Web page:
A reunion 7 years in the making
My trip to Argentina was long overdue! I was beyond ecstatic to finally be reunited with my friend Melanie, after last seeing her in the UK in 2008. My journey to Argentina consisted of layovers in Guatemala, Costa Rica, and Colombia but I finally made it!
San Telmo Market
On Sundays, San Telmo Market is the place to be. This is a great place to find souvenirs, antiques, leather goods, jewelry, among other novelties. I love markets because I usually find one of a kind accessories. I found 3 pairs of earrings this time around. My favorite thing to buy when I’m traveling is jewelry because it doesn’t take up too much space in my luggage. The market is open (Sundays only) from 11am to 7pm. Keep in mind it can get quite crowded. Comfortable shoes are a must.
Cups used for Mate, also known as yerba mate, which is the traditional caffeinated drink popular in Argentina, Uruguay, Paraguay, Chile, and Southern Brazil.
Plaza de Mayo
Located in the main square of Buenos Aires. This is where you will find La Casa Rosada (the pink house), May pyramid, Buenos Aires Cabildo, and the Metropolitan Cathedral of Buenos Aires. The current pope hails from the Metropolitan Cathedral. The Plaza de Mayo is especially significant because it is where the Mothers of the Plaza de Mayo have congregated with signs and pictures of their children who disappeared in the Dirty War during the National Reorganization Process. In this time period, people who held left-wing views were systematically captured, tortured and eventually murdered in secret.
The final resting place of Eva Peron, former First Lady of Argentina who passed away in 1952. Never in my life have I ever seen a cemetery as captivating as the Recoleta Cemetery. It almost seems like a museum for the departed. Each vault is a piece of art complete with statues of various architectural styles ranging from Art Deco to Baroque. The cemetery also has several marble mausoleums. In 2013, CNN listed it as one of the 10 most beautiful cemeteries in the world.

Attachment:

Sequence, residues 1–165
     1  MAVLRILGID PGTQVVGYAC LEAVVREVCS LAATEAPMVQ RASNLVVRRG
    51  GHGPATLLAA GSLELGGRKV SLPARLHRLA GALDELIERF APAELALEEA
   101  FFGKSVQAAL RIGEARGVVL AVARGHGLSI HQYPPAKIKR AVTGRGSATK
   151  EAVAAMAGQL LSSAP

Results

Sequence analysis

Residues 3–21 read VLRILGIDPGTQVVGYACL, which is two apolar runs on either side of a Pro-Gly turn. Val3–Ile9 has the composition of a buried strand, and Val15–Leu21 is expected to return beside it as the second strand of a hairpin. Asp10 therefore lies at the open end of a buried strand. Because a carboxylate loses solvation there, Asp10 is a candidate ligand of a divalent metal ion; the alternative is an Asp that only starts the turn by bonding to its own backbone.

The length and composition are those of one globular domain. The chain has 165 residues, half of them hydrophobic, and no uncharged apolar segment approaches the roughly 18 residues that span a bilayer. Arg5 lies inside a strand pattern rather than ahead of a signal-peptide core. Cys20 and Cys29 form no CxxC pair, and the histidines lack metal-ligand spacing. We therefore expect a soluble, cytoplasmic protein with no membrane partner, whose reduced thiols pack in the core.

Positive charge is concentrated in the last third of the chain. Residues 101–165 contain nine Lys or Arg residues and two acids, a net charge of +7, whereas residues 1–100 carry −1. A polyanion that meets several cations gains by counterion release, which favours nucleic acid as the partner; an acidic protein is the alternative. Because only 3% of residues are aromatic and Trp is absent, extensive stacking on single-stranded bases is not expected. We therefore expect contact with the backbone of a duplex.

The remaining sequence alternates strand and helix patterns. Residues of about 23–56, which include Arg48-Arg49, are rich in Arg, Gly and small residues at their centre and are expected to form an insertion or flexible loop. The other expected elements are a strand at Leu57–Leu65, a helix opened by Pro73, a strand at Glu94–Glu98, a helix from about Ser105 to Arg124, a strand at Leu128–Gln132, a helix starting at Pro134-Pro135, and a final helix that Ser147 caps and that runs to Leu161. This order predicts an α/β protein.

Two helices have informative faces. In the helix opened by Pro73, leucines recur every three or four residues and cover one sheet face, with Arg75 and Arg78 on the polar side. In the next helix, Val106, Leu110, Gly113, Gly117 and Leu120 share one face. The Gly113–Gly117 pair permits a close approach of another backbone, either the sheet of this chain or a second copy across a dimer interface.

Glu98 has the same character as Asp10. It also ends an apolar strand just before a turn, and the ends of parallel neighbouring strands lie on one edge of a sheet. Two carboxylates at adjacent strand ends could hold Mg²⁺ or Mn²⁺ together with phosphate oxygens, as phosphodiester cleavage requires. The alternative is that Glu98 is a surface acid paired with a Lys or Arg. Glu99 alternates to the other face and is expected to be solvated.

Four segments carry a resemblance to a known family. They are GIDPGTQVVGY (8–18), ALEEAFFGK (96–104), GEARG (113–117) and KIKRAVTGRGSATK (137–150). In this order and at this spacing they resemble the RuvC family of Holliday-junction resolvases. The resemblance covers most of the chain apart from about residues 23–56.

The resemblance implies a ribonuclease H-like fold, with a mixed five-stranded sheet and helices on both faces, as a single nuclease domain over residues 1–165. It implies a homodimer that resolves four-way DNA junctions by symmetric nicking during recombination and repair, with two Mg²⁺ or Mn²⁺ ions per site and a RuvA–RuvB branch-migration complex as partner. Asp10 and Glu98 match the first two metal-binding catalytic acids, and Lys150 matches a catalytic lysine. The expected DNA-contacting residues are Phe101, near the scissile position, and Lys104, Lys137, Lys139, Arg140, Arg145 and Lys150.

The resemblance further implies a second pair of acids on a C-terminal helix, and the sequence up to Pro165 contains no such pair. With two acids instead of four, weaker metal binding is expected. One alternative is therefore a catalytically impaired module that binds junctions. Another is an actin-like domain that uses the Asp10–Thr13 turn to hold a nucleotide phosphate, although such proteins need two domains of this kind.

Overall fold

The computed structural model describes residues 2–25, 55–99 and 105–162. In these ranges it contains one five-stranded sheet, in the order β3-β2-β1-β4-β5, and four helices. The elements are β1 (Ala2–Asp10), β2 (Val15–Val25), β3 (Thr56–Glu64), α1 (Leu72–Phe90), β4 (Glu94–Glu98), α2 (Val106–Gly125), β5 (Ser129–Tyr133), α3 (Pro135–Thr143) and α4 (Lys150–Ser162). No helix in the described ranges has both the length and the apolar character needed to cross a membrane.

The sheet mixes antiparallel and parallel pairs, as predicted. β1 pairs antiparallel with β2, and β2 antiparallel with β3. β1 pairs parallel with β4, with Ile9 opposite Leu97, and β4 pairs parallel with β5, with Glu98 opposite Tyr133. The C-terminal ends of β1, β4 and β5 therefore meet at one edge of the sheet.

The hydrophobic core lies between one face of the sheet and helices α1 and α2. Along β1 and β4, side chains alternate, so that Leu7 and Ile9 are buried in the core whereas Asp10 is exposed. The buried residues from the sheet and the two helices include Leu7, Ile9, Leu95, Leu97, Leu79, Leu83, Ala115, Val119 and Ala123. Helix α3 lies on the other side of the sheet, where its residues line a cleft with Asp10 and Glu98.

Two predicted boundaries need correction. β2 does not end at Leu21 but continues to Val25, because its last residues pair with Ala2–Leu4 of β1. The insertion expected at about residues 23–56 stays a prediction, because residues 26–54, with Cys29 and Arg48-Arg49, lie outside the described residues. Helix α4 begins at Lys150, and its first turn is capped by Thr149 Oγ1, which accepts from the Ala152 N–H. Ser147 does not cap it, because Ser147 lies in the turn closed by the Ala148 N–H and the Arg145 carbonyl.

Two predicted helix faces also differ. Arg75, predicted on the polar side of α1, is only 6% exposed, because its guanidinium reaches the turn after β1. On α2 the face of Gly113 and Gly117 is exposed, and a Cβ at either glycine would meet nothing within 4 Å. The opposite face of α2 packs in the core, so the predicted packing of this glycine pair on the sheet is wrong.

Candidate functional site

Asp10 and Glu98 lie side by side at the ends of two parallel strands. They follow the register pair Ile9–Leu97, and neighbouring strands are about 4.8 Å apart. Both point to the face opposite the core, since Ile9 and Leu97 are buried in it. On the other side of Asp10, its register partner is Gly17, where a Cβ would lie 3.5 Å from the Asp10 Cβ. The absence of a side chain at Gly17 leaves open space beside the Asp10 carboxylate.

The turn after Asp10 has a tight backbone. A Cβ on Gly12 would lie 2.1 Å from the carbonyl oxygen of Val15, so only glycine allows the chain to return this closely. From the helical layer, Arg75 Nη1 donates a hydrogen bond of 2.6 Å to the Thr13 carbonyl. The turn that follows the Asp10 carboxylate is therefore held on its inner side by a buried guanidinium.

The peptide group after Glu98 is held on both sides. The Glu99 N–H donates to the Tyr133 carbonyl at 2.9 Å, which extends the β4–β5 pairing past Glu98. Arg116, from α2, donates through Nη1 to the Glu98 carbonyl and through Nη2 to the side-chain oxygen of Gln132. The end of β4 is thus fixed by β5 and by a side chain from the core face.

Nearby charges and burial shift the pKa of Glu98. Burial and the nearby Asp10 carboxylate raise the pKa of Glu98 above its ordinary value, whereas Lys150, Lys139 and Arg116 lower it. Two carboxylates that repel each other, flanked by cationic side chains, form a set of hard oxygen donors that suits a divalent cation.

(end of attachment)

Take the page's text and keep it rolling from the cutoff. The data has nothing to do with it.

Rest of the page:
National historic monument and icon of Buenos Aires. It is located in the Plaza de la Republica (Plaza of the Republic). A short walk from the Obelisk, you will see the Eva Peron image on the Social Development Ministry building.
If you’re looking for souvenirs, this is the place to go. There are also a few restaurants which feature live tango dancing. Aside from souvenir shopping, there are also brightly colored homes which make for the perfect photo opportunity.
Looking for fine dining overlooking the water, then Puerto Madero is the place. There is also a boardwalk which is popular with both the locals and tourists alike.
Located in the plaza de las naciones unidas (United Nations Plaza), lies a Giant flower sculpture which is made of steel and aluminum. It was a gift to Buenos Aires from architect Eduardo Catalano in 2002. Its petals close in the evening and open in the morning.
In Argentina, it’s very common that people will not have dinner until after 8pm or later. It’s safe to say after 9pm is when restaurants truly come come to life. Tipping is usually 10% of your bill.
Cabaña las Lilas
You can’t come to Argentina and not have at least one steak. Argentina is known for their beef. Argentina has the world’s second-highest consumption rate of beef, with yearly consumption at 121 lbs per person. There are Parillas (grill) restaurants on almost every corner. This restaurant came highly recommended by my brother in-law, who visited Buenos Aires years ago. It is also listed in the book 1000 places to see before you die. Cabaña is along Puerto Madero. Take advantage of sitting outside because it gives you a great view of the water as well as great people watching. This is the definition of a 5-star dining experience, which of course comes with a price. When your food arrives, the wait staff prepares your plate. Melanie and I shared a steak, Caesar salad, and potatoes with a pitcher of Sangria which cost $140. There are cheaper restaurants which offer similar fare but you’re paying for the experience and the ambiance. I thoroughly enjoyed my meal but due to the delectable complimentary appetizers which were served, by the end of the meal I was stuffed.